This step verifies the predictive RF design we created and allows us to make adjustments based on your real-world RF environment.
If the phrase “trusted wireless service provider” makes you flinch because it sounds too reputable, you’ll love our next terrible tip.
Step #3: Ignore Access Point Best Practices
“Because if having too many or too few access points wasn’t bad enough!”
Other than over-engineering and under-engineering your network, as mentioned in Step #2, there are a number of other problems you can run into when it comes to access points.
One is to simply swap out old access points for brand-new ones.
Wait, what? Wouldn’t this be a good thing?
In theory, yes. However, the problem with this is that your new access points in most cases will have new features and performance capabilities that your old ones didn’t, meaning you need to go back and check your design first.
Maybe your new APs are more powerful, so now you have too many in one area and it’s causing interference. Another problem might be using the wrong type of antenna for an application it wasn’t suited for.
Example: using an omni-directional antenna on the ceiling of a warehouse. The tops of your shelves will be covered, but the bottom will not. In this case you would want to use a directional antenna to focus the coverage downwards.
When it comes to access points, there are numerous details that need to be accounted for to achieve the best results. However, if you want a slow WiFi experience, you can just ignore them.
Step #4: Believe You’re Finished After Deployment
“Our network is up and running, so our work here is done! High fives all around!”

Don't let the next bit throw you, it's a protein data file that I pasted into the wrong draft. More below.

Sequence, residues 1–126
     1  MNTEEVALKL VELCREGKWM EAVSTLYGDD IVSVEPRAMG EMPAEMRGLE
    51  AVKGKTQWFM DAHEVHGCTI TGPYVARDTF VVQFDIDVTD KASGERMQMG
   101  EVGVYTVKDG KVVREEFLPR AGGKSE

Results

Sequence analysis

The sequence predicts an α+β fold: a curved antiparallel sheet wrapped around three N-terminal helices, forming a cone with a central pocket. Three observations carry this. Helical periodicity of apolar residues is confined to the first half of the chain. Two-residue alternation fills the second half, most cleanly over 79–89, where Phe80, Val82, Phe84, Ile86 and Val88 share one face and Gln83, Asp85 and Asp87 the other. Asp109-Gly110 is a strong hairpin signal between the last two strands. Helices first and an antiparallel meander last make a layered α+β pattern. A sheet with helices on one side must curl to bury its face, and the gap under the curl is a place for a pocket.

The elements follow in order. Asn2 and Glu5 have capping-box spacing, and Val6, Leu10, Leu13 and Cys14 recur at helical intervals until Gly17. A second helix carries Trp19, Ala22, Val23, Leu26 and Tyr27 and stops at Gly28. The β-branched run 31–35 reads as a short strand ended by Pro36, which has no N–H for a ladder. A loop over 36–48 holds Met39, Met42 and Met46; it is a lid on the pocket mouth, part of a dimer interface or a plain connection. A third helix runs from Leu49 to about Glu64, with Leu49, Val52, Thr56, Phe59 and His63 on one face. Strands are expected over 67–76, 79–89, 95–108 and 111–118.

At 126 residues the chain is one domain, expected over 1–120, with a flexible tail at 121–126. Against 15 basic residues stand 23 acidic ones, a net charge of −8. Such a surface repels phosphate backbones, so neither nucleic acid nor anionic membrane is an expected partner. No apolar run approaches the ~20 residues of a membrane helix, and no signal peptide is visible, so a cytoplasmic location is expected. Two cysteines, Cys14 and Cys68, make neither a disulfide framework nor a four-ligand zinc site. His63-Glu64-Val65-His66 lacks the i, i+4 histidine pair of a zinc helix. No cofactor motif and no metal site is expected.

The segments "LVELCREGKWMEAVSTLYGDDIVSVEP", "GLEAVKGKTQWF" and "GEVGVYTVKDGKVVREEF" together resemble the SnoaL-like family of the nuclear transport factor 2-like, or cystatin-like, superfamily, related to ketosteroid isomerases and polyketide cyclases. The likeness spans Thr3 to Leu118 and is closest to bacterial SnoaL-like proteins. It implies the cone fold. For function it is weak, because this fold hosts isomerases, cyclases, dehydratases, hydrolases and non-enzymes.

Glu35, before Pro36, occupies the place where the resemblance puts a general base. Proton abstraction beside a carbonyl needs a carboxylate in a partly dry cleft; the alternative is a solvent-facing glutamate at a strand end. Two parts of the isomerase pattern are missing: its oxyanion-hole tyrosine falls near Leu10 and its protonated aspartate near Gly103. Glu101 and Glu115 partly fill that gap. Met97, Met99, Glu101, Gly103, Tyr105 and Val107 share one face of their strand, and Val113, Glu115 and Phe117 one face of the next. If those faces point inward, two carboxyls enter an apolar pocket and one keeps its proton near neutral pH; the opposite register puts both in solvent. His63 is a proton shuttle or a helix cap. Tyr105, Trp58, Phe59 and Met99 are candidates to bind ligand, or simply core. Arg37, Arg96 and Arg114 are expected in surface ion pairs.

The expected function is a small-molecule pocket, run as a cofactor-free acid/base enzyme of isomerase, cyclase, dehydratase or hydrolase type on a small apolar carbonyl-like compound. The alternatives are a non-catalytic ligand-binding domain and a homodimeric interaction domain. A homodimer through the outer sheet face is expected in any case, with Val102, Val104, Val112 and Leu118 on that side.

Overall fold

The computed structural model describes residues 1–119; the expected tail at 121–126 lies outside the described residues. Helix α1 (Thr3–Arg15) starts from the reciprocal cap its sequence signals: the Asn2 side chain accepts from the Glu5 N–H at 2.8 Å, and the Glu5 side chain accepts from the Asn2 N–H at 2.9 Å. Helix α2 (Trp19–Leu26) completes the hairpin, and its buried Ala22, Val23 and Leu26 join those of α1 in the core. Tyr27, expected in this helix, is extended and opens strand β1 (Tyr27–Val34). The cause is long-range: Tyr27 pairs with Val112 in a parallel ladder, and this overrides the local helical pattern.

Once you’ve deployed your wireless network, if you really want to tank its performance, don’t miss this important step: doing nothing!
That’s right: one of the worst things you can do once your network has been deployed is fail to follow the three Ms: Monitor, Manage, and Measure.
Possibly the most important component of your network is having the right WiFi services process in place. This will allow you to monitor everything you’ve just installed, manage those components (keep things up to date, etc.), and measure the performance of your network from the end users’ perspective.
Everything on your network is alive and every component changes, from the devices accessing your network to the RF environment itself. The reality is, you’re never really done—unless you prefer a network that over time becomes slower, less secure, and finally, obsolete.
Watch the video below to learn why managing your wireless network is so challenging today.
Step #5: Work with an Unqualified or Inadequately Certified Partner
“Anyone with an IT background can set up our enterprise Wi-Fi network.”
Designing and engineering wireless infrastructure is a very complex, very specialized skill set. It takes years of training, vast amounts of certifications, and ultimately experience to both understand how to use the tools required and how to properly design, deploy, and support enterprise-grade wireless networks.
The challenge for most businesses is that WiFi experts are expensive to keep in house and are hard to come by—it’s very competitive with demand so high and supply so low.
When searching for the right partner to work with, there are several important questions to ask. You’ll want to know about their certifications, the tools they plan on using, and how they plan to support your network going forward.
For a list of what certifications to look for and more detailed information on how to choose the right partner, read the article here.
Having terrible WiFi might work great for Opposite Day, but for every other day of the year, your business needs fast, secure WiFi that won’t slow your applications down, threaten the safety of your end users, and flood your IT department with complaints from angry employees, customers, or guests.
With extensive experience building wireless systems and budget-friendly subscription options, delivering the wireless network your business needs is now easier than ever before.
Take a look at our pricing page to get a breakdown of our different packages.